We’ve asked Google whether Samsung had anything to do with the Motorola sale and if it will continue to make Nexus device, but have not heard back. Here’s what we do know: Samsung wasn’t happy about Google buying Motorola. Publicly, it has toed the Android line, but behind the scenes, it has been working on backup operating systems like Tizen, hasn’t stopped making Windows Phones, and is heavily investing in its own Boxee-like TV platform ahead of Google’s Android TV. This past fall, it even held a large developer event, pushing the developer community to develop exclusive, unique content for Samsung devices. It hasn’t just been nervous about relying on Google; it’s been plotting its exit.
But Google needs Samsung. In fact, as Google’s Motorola acquisition finally gained approval in May 2012, Chairman Eric Schmidt made a personal trip to South Korea with the express intent of making Samsung feel better.
“I told them that the [Android] ecosystem has to be favored at all costs,” said Schmidt in a piece reported by the WSJ (via ZDNet). “The Motorola products can’t be unduly favored, unless you’re also unduly favoring Samsung. If it looks unfair, and then the ecosystem unravels, then it’s a terrible mistake.”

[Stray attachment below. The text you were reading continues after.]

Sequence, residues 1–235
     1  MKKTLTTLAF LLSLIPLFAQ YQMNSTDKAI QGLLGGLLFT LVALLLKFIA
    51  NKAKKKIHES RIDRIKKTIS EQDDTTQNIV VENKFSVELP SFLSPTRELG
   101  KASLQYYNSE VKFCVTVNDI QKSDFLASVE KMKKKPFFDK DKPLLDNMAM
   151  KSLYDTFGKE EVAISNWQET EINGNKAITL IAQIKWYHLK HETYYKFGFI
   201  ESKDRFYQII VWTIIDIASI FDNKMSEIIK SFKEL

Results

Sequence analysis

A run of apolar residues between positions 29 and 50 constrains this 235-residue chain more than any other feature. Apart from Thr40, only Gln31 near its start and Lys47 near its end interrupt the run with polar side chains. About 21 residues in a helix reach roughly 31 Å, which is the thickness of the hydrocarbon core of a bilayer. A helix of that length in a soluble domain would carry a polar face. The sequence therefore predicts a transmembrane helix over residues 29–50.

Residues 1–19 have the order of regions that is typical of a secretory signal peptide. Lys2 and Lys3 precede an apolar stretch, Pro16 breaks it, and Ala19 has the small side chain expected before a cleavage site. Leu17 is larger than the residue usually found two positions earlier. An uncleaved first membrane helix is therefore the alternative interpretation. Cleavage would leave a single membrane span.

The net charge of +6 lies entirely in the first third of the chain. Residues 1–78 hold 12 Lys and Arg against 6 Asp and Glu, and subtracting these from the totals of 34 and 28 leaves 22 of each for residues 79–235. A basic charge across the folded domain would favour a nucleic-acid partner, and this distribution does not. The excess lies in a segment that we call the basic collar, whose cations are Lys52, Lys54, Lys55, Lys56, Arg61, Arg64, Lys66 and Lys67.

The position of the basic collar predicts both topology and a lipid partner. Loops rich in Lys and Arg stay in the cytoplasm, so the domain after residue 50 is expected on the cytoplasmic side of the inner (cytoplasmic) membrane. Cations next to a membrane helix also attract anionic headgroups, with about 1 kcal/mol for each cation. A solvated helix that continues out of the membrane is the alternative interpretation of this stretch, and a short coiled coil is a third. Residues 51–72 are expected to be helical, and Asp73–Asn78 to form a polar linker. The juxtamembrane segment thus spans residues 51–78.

Samsung is getting too big and too successful to be just another Google partner.
So, things are all better now, right?
We’ll find out when we see what kind of apps and interface Samsung puts on its upcoming Galaxy S5 phones, but scaling back its hardware efforts by selling Motorola and sharing its patent portfolio may have talked Samsung out of leaving Google’s Android house, for now. Samsung has been hosed by lawsuits from companies like Apple, asserting that it has stolen patented ideas and phone technologies. Access to Google’s treasure chest of Motorola patents may help it defend itself against future attacks.
Google may have made good today, but it probably can’t hold on to Samsung forever. Much like Google itself, Samsung is becoming too successful to reign in. It’s beginning to dominate almost every area of consumer electronics, and its revenue was within billions of matching Apple in the last quarter of 2014 ($55 billion to Apple’s $58 billion). But until it controls all the hardware and software on its devices, Samsung may never reach the depth of success that Apple has with its products. Money from app sales, music sales, and other services would easily put it over the edge and open up a new level of growth, but right now Google’s core Android services stand in its way. Google also controls the entire direction of Android, meaning Samsung cannot move forward with any large initiative without consulting or waiting for Google first.
Samsung may appear with Google in public, wave its hand at the crowds, and act like it cares for and supports Google, but unlike love, business is business. Google has stalled its departure, but Samsung is getting too big and too successful to be just another Google partner for long. If Google doesn’t find a new way to make Android work on a broader scale, eventually Samsung is going to find a new place to live.
Updated on 2-01-2014 by Jeff: Fixed a few typos.